Traditional event medalists in the 101 lb. category include first place winner Ella Dunn (center) and Coral Shores’ Julia Rusch (far right) who claimed sixth place.

The Marathon Dolphins may have had fewer regional qualifiers on their weightlifting squad than their Upper Keys and Key West neighbors, but they may have the best chance at striking state gold at the FHSAA State Championships on Feb. 16 and 17. 

The Fins made the most of their time in Lemon Bay on Feb. 3, winning the runner-up trophy in traditional lifting and third place in Olympic. Contributing to their total points in both events were a trio of athletes who won the FHSAA Region 4 1A Championship gold medals in their weight classes. 

Ella Dunn will make her second appearance at states to compete in both events after winning first place in traditional and second in Olympic for the 101 lb. weight class. The tiny-but-mighty junior did not medal last year, but hard work in the offseason has moved her up in the rankings, and she is sitting at the top of her weight class, tied for first in both events.  

Senior Sierra Earnhardt will make her first appearance at the state meet in the 119 lb. class. Earnhardt won the regional gold medal in Olympic lifts and took silver in traditional, qualifying for a spot at both events at states. Earnhardt is ranked second in the Olympic event. 

Mikkel Ross, the Keys’ only medalist last season, will return to Lakeland in the 129 lb. class. Ross won silver in traditional and third in Olympic lifting. She currently ranks in the top six in both events, putting her within reach of double medals this season. 

Marathon’s top performer in Lemon Bay was sophomore Justice Lee Isom, who claimed double gold medals in the 183 lb. class. Lee Isom qualified for states last season as a freshman and finished just outside of a medal. The experience motivated her to dedicate herself to her craft, and the dividends are clear – she’s ranked in a two-way tie for first in both events at the state level. Even a conservative set of lifts could secure a medal for the school record snatch champion.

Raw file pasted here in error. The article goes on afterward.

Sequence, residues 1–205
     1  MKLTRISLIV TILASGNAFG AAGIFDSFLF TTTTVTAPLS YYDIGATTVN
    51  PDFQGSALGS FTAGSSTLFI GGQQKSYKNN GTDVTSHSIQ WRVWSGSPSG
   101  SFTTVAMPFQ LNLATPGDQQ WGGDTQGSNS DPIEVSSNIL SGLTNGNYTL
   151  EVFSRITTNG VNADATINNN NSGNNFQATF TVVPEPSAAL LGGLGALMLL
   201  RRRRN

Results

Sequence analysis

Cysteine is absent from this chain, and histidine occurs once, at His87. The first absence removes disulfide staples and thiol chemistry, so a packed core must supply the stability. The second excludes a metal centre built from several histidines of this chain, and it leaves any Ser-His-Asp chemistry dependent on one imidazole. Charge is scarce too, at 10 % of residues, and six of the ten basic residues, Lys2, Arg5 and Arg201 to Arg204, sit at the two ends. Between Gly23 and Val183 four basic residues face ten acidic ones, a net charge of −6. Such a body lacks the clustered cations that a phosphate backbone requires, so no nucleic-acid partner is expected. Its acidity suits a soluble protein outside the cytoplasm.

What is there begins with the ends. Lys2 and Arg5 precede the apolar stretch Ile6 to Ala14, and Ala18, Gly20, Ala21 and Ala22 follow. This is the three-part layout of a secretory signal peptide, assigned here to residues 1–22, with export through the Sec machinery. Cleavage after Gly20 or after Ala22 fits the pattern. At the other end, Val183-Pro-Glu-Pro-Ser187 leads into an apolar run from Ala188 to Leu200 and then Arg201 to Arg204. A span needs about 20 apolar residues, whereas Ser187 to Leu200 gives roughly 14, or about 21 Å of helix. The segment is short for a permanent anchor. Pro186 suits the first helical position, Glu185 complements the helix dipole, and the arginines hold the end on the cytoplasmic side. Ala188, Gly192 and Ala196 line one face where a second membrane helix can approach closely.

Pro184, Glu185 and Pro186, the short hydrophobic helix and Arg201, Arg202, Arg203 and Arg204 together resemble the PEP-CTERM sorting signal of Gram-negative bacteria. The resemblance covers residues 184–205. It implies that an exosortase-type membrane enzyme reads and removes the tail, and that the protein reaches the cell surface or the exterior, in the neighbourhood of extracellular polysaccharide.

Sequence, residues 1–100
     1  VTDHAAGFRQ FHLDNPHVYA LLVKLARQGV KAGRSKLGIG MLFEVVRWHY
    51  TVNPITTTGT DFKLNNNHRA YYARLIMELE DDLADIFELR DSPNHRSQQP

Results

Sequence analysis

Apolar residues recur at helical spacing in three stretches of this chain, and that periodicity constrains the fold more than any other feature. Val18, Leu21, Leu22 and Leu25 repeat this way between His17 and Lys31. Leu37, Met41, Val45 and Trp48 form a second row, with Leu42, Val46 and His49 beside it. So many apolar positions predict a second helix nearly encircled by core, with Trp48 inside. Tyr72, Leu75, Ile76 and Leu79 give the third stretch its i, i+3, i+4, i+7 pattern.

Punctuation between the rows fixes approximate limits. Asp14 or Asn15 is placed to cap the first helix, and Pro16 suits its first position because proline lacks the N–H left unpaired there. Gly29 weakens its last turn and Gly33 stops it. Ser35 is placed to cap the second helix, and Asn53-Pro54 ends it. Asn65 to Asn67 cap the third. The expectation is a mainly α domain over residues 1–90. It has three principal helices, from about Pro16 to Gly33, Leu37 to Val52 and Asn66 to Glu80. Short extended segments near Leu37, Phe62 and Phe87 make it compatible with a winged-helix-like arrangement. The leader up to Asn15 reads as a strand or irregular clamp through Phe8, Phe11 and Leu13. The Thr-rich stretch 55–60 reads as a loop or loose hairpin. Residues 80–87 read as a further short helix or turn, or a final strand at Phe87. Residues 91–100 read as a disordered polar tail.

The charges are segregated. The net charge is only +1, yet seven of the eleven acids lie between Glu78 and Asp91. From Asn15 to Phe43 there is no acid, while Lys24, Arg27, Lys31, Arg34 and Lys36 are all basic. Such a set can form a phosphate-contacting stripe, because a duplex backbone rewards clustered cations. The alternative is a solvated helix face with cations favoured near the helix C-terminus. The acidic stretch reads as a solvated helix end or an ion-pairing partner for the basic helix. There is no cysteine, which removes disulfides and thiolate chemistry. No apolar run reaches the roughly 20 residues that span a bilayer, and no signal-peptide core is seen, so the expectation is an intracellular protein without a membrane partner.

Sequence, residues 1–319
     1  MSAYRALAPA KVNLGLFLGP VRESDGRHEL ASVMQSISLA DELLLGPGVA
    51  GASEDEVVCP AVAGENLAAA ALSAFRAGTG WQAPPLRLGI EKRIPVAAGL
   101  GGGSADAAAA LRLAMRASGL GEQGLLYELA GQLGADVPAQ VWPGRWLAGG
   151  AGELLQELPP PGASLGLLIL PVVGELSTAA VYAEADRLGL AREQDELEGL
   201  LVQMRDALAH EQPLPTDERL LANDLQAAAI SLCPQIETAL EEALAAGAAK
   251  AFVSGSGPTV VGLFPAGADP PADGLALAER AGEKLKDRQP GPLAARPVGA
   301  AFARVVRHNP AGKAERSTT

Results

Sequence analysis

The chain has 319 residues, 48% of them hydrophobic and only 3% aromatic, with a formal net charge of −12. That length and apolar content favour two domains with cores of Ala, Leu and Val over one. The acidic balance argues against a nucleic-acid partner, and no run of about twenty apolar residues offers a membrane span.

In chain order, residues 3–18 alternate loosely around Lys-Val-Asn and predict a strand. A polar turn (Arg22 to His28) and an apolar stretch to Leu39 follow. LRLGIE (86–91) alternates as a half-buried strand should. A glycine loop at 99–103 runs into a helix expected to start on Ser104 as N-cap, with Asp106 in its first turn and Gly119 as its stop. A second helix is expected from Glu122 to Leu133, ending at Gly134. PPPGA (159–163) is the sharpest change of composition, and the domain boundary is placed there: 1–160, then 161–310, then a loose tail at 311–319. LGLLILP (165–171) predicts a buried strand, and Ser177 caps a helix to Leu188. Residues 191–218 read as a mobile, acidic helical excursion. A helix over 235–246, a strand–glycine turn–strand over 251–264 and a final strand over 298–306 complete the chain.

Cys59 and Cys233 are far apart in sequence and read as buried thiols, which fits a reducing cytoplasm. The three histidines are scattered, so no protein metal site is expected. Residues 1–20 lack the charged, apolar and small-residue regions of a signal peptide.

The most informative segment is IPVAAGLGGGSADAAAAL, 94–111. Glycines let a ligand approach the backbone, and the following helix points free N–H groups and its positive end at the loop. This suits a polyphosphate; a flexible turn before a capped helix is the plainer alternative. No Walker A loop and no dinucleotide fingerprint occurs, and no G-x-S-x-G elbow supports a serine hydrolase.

The Fins will have plenty of Monroe County support in Lakeland, as six lifters from Coral Shores and one from Key West will also make the trip north. 

Qualifying for Coral Shores were Julia and Rachel Rusch in the 101 lb. and 110 lb. classes, respectively. Julia will compete in both events at states after securing sixth place in traditional and seventh in Olympic lifts at regionals. Rachel will represent the ’Canes in traditional, for which she won bronze at regionals. She took sixth in Olympic, but a talented weight class edged her out for an at-large bid. 

Kali Gomer earned a spot at states with her silver performance in the Olympic event in the 139 lb. weight class. At 169 lbs., Coral Shores has their best chance for a state medal in Jennille Arias, who won silver in traditional and bronze in Olympic at regionals. Her performances there rank her in the top five in both events in Florida. The final two qualifiers for the ’Canes both compete in the unlimited class. Vanessa Gabriel won bronze in Olympic, while teammate Sydney Eysenbach took fourth place. In traditional lifts, the athletes traded spots on the podium, with Eysenbach winning bronze and Gabriel taking fourth place. Both athletes qualified in both events.